Mother’s father was an inshore fisherman.
Every day, except Sundays, sea and weather permitting,
he would drag his coble from the Staithes,
across the foreshore to the slipway
and launch her in the harbour.
He would row some three miles out,
first dropping his lobster creels and
crab pots a hundred yards away, on the
rocks off the Castle Headland,
his flags marking their spot.
When the land was a blur
he would chuck his long
lines with their hundreds of
baited hooks into the depths and
wait for the fish to strike.
Surrounded by screaming gulls above,
around, besides, attaching to the drifting boat,
hoping for a share, he would wait,
chewing on his tobacco quid, no fishermen of
his generation smoked at sea, too wet.
Gulls clouding round him he would
haul in the lines with their flopping
silver burdens, his short stocky figure in
kin-knitted navy gansy and thigh boots
seeming too small for such a turmoiled burden.
Those heavy, clinker built wooden boats
carrying the lines of the Viking longships,
broad bellied, high at bow and stern,
graceful and sturdy, demanded strength
to move them across currents, waves and tides.
As a young man he had sailed in square riggers
crossed the oceans, knew distant ports, their foreign
ways, had rounded The Cape and fought the
long storming fetch of the Roaring Forties,
before returning home to get a wife and a family,
settling for an easier life as his own boss.
He carried on that way for over fifty years, ended
ferrying trippers across the Harbour.
Now the boats, fibre glass with powerful
engines, range further but they, like the fish,
are fewer and the Life is still hard.
He, despite the changes, would know that.
Grandfather, by David Eade
Mam, Dad, and Lisa were listening to the shipping forecast while George played with his trains on the living room floor. Mel came downstairs in her heavy coat and hat, ready to go out. “Jackie’s picking me up in a few minutes,” she said. And then, when met with a look of confusion from Mam, “I told you I’m having dinner with her tonight, remember?”
Dad held up a finger for silence, but Mam said, “Alright, Mel. Just be back by nine.”
“It’s a school night.”
“Aye, but I don’t have class until noon tomorrow.”
“I said what I said.”
Mel sat down on the couch and let the jumble of numbers and directions wash over her. None of her family members were sailors, but listening to the shipping forecast was a comforting ritual, a routine that anchored the five of them in place. Mel couldn’t understand how her parents, who didn’t share a speck of her passion for the sea, could be so obsessed with this maritime tradition. How could people who loved the shipping forecast so much be so disparaging of her marine biology career? What did they even think about while they were listening to the broadcast? Did Dad dream himself back to the thirteenth century, battling Newcastle merchants for control of Tyneside’s ports? Did Mam imagine herself a pirate queen? Mel doubted it. Mel herself liked to imagine that she was listening from a research vessel high in the North Sea, waiting to hear whether conditions were safe for her team to continue their work.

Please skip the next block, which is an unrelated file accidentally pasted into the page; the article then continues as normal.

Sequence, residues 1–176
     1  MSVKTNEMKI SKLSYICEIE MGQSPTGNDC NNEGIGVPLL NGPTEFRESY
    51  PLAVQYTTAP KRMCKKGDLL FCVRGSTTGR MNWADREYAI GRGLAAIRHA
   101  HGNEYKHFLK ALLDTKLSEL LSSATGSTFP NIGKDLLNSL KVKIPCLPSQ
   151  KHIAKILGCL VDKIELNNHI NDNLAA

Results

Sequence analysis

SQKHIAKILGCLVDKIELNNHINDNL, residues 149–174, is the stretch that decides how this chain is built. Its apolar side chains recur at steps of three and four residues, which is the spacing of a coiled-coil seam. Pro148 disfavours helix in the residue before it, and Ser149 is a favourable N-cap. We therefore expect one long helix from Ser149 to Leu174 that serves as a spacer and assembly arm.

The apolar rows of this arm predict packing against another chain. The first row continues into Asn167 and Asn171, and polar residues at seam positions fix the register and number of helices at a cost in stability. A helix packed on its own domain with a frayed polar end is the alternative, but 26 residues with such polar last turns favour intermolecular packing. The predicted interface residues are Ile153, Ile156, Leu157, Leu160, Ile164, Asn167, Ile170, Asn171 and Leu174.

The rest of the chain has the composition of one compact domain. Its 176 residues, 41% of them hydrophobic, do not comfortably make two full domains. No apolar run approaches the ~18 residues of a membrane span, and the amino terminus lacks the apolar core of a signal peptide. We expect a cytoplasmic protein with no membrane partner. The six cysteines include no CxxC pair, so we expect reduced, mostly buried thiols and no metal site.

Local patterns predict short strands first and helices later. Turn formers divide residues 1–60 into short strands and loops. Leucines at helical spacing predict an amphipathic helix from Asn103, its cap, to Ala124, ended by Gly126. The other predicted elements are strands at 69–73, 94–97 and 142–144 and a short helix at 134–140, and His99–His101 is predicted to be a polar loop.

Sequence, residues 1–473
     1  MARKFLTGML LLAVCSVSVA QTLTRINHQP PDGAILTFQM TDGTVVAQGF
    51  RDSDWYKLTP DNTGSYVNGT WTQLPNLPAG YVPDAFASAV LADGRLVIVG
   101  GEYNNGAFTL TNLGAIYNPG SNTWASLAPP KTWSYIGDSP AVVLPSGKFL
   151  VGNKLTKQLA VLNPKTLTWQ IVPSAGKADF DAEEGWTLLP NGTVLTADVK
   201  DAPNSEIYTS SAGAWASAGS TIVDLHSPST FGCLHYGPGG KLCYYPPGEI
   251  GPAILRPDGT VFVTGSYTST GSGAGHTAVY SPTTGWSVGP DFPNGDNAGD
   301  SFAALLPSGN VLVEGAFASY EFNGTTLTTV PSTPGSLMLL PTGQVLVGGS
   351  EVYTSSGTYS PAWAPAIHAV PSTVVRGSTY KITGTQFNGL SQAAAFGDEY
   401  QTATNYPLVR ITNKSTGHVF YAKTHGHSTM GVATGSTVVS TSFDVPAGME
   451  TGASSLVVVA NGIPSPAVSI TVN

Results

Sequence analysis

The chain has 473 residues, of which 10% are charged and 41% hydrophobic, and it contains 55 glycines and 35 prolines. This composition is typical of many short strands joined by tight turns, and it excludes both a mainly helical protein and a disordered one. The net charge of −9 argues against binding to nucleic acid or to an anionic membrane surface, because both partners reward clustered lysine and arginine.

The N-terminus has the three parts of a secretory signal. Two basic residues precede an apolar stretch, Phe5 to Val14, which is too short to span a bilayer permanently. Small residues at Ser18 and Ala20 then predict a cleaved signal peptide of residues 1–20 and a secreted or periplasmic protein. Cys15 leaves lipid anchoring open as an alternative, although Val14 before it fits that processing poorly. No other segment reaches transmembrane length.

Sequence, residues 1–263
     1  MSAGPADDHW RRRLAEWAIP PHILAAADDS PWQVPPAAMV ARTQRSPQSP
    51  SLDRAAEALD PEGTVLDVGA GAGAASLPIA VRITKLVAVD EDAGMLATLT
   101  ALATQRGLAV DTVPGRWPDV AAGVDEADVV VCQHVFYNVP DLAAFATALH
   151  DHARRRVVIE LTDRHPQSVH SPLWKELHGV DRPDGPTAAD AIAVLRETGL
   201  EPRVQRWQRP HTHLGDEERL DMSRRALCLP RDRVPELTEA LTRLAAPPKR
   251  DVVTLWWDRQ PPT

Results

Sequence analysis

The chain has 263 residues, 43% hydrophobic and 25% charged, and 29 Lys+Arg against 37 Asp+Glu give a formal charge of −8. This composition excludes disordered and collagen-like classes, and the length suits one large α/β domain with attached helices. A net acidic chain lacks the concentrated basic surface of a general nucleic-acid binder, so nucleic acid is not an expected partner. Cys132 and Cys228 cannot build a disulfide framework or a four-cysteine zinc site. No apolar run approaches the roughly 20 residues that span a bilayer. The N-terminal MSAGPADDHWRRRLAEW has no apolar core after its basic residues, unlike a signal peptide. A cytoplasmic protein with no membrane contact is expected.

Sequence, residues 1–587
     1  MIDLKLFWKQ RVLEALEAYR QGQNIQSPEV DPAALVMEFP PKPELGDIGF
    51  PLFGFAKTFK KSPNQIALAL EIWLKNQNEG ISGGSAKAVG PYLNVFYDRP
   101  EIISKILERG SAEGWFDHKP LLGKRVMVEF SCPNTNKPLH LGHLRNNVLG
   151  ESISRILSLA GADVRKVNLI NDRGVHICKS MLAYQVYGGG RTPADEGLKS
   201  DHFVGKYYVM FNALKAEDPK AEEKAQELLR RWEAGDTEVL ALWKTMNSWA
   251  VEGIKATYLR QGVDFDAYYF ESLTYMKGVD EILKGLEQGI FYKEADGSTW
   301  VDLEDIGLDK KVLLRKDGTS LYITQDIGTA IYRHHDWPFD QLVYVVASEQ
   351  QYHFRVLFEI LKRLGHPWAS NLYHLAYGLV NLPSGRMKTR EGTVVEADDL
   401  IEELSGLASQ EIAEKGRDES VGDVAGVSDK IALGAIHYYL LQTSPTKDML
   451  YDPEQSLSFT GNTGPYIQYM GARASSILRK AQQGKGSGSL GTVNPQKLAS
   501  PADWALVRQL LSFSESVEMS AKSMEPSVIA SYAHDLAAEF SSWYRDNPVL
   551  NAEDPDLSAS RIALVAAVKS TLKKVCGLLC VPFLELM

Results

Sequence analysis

The broadcast ended. Mel cleared her throat.
“I’ve been accepted for an internship position,” she said.
“Oh that’s just wonderful! What sort of internship?” asked Mam.
“I’m helping with a shorebird study,” she said, trying her best to sound casual. “I figured that even though I’ve decided to study medicine, I can still do marine biology in my spare time. Just for fun.”
Mel had debated whether or not to tell them about her internship for the last two days. It was a risk, certainly. It might make them question her commitment to studying medicine. But there was also a good chance they would notice her being absent more often than usual, and there were only so many lies she could handle.
“That sounds interesting,” said Dad.
“Are they paying you?” asked Lisa.
Mel opened her mouth to answer, but just then, George began to scream.
“My WHEEL! My wheel is BROKEN!” George squealed.
He held up his favorite red engine, lips quivering. Indeed, they had a full-blown crisis on their hands. One of the wheels had snapped off from the body of the train.
“Calm down now, Georgie. This can be fixed,” said Lisa, trying to take the toy from her brother’s tiny fist.
George only cried harder. Outside, Mel could hear the wheezing of the Metro’s engine well before she heard Jackie honk.
“I have to go,” she said, slipping out the door as George continued to sob.
“Back by nine!” Mam shouted behind her. “And no hanging out with boys, you hear?”
About the author: Ella Shively is an undergraduate studying natural resources and writing at Northland College in Ashland, Wisconsin, USA. You can find her online at https://www.instagram.com/shivelywrites/.
About this chapter's featured poet: David was born in Scarborough. Both his grandfathers were fishermen, one a skipper of steam trawlers fishing the Dogger Bank, the other an inshore coble man. His father was the youngest of seventeen and though he did not become a fisherman all his older brothers and cousins went to sea. In the First World War One of David’s uncles was on trawlers that were sunk three times by the same U boat. One of David’s relatives currently volunteers to serve on the Scarborough lifeboat.